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Labour Party Policy a Mixed Bag

Labour Party Policy a Mixed Bag


The Insurance Council of New Zealand (ICNZ) would welcome any review of insurers’ response to the Canterbury earthquakes, rejects the Labour Party’s proposal for another regulator of the industry and supports its policy of transferring levies from insurance premiums.

ICNZ Chief Executive Tim Grafton in responding to the Labour Party’s policy on disaster-related insurance issues strongly rejected criticism of insurers’ efforts.

“The Canterbury earthquake series is without doubt one of the world’s most complex insurance claims which has no international benchmarks with which to make comparisons,” he says.

“Yes lessons have been learned but insurers have done extraordinarily well in progressing claims given the complexities. Indeed 87% of all over-cap claims for major repairs and rebuilds are either settled or in the build queue.

“Progress for insurers has been dependent on multiple organisations and issues beyond insurers’ control, so if there were an independent review we would welcome the cold light of objectivity being shone on every nook and cranny of the recovery because I am confident that we would not be found wanting,” Mr Grafton says.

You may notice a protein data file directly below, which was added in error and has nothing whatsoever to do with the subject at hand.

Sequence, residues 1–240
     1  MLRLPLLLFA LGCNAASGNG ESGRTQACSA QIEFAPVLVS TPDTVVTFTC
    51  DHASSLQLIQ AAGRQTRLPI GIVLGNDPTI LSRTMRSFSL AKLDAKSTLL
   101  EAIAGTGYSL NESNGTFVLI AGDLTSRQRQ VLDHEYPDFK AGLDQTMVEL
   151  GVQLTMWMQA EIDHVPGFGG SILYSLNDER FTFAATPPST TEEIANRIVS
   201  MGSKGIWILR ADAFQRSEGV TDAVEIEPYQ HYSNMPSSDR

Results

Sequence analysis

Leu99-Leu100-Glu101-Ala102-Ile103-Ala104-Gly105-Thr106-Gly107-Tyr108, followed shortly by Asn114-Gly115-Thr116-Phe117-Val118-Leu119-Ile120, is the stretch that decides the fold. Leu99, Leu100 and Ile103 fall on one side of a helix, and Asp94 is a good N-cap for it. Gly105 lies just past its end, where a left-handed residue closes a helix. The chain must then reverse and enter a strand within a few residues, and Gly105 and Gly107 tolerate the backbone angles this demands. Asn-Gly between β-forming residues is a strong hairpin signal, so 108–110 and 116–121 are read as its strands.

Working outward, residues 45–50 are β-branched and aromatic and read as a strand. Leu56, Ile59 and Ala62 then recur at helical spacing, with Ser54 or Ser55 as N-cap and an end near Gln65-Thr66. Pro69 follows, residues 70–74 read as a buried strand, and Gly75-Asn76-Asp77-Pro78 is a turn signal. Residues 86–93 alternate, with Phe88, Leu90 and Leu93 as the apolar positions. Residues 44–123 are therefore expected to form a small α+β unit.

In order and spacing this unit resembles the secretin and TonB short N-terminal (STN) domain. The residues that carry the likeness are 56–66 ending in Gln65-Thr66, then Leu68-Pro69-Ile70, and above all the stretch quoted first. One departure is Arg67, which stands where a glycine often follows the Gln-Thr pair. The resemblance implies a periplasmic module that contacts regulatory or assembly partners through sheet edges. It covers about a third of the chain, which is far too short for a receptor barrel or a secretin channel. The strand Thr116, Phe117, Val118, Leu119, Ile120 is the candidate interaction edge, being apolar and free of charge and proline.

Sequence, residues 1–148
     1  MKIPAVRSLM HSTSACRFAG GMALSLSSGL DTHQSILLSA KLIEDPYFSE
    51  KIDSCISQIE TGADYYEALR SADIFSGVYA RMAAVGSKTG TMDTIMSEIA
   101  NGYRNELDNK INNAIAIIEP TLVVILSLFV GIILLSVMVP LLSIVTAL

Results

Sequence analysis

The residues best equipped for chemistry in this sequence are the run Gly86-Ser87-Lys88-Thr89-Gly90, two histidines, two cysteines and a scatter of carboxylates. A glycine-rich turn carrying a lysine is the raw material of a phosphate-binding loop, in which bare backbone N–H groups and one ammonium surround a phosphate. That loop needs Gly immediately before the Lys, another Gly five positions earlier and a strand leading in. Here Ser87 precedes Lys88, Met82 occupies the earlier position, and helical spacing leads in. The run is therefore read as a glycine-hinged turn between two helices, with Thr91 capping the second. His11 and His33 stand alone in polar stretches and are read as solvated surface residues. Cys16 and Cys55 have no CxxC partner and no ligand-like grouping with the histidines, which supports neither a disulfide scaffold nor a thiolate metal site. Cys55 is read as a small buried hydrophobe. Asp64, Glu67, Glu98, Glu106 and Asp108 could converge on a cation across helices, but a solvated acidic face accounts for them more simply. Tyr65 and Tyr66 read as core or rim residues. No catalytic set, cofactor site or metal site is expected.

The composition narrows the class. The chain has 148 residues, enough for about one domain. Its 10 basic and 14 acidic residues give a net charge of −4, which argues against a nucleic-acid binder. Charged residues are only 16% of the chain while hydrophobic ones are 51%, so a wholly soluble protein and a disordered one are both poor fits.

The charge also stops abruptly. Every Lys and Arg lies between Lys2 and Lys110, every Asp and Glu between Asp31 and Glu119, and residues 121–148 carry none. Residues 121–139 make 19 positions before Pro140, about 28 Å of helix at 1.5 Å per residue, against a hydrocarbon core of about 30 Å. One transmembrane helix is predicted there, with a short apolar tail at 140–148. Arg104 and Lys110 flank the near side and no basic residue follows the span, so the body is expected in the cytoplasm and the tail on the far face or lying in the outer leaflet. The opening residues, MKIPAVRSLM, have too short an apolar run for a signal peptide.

The industry is also in the process of reviewing the Fair Insurance Code, following public submissions and a rigorous assessment of how insurers can improve the way they deal with their policyholders. A revised code is expected to come into force by early next year.

“However, we have concerns about setting up what looks like yet a third regulator for the industry as the Reserve Bank and the Financial Markets Authority already have responsibilities for regulating insurers. This will add costs to insurers which will inevitably be passed on to policy holders,” he says.

“Labour’s policy to transfer the EQC levy to rates is welcomed. For consistency, it should also commit to removing the Fire Service Levy to rates as this would address the free-rider problem where people who don’t insure enjoy the benefits of the public good the Fire Service brings. It is good policy to remove levies from insurance to help keep it affordable and available for all. Local government should be reimbursed for the cost of collection.

“We agree the EQC cap of $100,000 needs to be lifted. It was meant to represent the cost of rebuilding a modest home and has not changed since 1993. However, this will increase EQC’s aggregate exposure and will therefore increase the levy.

“There are many other issues that are not addressed by this policy including how EQC will cover land in future. Land coverage has proved one of the most challenging aspects that Christchurch has raised particularly with respect to area-wide damage increasing vulnerability to risks like flooding and the implications for properties and how they get reinstated,” says Mr Grafton.

ENDS

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